Voters who have moved within the county since the last election should report their new residence address to the Supervisor of Elections office before going to vote. Address updates should be reported before voting to avoid problems at the polls and to enable the Supervisor of Elections office to issue an updated voter information card that reflects the changes. Voters failing to advise the Supervisor of Elections office of an address change may find the poll site and election districts have changed and may be referred to a different poll site on Election Day before being permitted to vote.
Civilian voters who have moved to Collier County from another Florida county should report their address change to the Supervisor of Elections office before Election Day or they will be statutorily required to vote a provisional ballot. Military voters and their dependents are exempt from this requirement.
Voters who moved out of the county before the election date are required to vote in the county of new residence.
Address Change Form
What is Legal Residency?
There are different legal definitions for residency in different parts of the law. For voter registration purposes, legal residency must meet a two-part test. Voters must intend the county to be their legal residence plus they must have physical presence.
The courts have held that legal residence is a place of abode and is evidenced by where a person sleeps and eats, where their spouse and children live, and where a person is a licensed driver, as opposed to a place of employment or conducting commerce. Voters may have more than one house or apartment but may have only one legal residence for voter registration purposes. Individuals who own more than one dwelling should be registered in the county where they claim homestead exception.
Supervisor of Elections office notices are sent by first class mail. An "Address Confirmation Final Notice" is sent by forwardable mail when any Supervisor of Elections office notice, sample ballot, voter information card or first class letter is returned as undeliverable by the Post Office. The voter has 30 days from the notice date to respond in writing. Failure to respond means a transfer to inactive status. Inactive status cancels all future mailings of election notices, sample ballots, and Vote-by-Mail ballots which were requested previously. Permanent removal occurs when inactive voters do not provide written response to the Supervisor of Elections office notice and do not vote over the next two federal general elections.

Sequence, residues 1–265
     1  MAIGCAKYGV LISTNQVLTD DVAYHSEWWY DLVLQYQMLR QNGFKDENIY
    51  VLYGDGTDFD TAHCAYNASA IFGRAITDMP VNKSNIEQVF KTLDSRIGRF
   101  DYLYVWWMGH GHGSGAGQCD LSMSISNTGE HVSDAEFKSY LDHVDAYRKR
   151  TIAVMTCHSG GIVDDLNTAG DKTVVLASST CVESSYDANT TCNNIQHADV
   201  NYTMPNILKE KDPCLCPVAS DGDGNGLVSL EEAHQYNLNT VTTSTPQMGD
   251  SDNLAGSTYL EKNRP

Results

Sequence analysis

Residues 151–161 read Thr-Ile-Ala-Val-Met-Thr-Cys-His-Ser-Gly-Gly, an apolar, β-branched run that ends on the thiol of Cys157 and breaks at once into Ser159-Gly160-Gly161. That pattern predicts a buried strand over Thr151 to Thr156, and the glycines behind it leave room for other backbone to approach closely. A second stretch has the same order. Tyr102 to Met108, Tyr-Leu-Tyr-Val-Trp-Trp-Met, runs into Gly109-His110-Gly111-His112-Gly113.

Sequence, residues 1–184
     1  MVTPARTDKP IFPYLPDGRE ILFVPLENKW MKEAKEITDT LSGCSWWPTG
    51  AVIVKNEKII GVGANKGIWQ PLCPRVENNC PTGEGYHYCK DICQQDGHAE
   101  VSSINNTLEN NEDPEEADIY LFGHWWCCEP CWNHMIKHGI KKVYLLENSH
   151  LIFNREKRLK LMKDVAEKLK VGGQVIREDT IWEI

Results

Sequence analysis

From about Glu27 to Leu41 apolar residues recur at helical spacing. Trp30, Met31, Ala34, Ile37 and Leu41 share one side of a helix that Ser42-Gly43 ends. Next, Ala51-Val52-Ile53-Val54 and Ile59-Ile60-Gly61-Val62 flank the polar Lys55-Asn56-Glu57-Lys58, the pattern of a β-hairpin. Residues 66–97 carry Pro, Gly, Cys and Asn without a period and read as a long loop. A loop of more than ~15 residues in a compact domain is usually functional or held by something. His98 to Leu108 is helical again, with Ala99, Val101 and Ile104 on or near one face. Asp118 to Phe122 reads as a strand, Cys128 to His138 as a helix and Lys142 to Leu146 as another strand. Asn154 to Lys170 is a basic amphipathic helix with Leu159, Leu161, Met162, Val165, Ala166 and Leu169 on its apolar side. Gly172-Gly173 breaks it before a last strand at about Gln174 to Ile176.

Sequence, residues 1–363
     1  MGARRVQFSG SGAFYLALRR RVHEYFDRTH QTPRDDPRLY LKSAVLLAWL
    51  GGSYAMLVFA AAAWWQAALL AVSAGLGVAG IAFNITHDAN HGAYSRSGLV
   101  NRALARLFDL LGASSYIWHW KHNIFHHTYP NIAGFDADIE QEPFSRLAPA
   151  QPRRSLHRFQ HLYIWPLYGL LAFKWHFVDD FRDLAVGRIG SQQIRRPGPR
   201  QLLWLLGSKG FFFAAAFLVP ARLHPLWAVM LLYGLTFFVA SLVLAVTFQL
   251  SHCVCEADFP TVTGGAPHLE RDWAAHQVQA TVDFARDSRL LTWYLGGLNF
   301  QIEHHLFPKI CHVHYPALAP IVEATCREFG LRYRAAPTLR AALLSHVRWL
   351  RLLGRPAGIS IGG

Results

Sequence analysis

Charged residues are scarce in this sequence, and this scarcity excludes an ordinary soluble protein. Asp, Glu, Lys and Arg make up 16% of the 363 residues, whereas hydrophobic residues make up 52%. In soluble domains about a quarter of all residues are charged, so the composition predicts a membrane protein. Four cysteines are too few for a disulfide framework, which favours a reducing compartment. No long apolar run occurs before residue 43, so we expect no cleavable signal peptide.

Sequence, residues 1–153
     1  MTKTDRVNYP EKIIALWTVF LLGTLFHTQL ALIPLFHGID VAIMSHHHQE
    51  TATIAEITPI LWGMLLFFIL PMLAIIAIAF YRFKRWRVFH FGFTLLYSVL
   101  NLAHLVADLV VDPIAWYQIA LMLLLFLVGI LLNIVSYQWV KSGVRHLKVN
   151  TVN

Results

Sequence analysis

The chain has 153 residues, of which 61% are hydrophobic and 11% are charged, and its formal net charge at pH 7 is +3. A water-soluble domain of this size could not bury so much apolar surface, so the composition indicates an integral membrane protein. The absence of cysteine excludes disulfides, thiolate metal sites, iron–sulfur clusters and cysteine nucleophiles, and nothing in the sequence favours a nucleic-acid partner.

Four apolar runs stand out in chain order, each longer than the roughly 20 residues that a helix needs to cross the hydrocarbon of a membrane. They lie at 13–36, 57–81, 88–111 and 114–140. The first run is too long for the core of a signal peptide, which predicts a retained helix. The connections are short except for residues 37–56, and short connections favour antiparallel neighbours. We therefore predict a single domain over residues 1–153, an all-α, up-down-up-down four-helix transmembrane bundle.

How To Update Voter Information
The voter application is uniform throughout Florida. Each application provides the addresses for each Supervisor of Elections office. Eligible individuals may obtain an application from any participating agency and mail it to the appropriate county of residence. The following data provided by electors is exempt from Florida's public records law and may be used only by the Supervisor of Elections office unless otherwise ordered by a court: the application's point of origin (by mail, driver license, etc.); social security number; Florida Driver License number; Florida Identification number; and applicant's signature.
The signed application can also be used to update an existing voter's record. Updates are a change of name, residence, mailing address, signature, or party affiliation.
Florida is a closed primary state. A voter's political party preference - or lack of a political party preference - must be provided at the time of registration. An elector may change party affiliation at any time subject to the following:
The voter's request must be in writing, dated and signed
The voter's party (or lack of a party) at the registration deadline is the party in which the elector must vote
The voter's signed, written request must be received by the Supervisor of Elections by the registration deadline in order to vote in the new party
The Supervisor of Elections office is prohibited from processing signed, written party change requests received after the registration deadline until after the primary.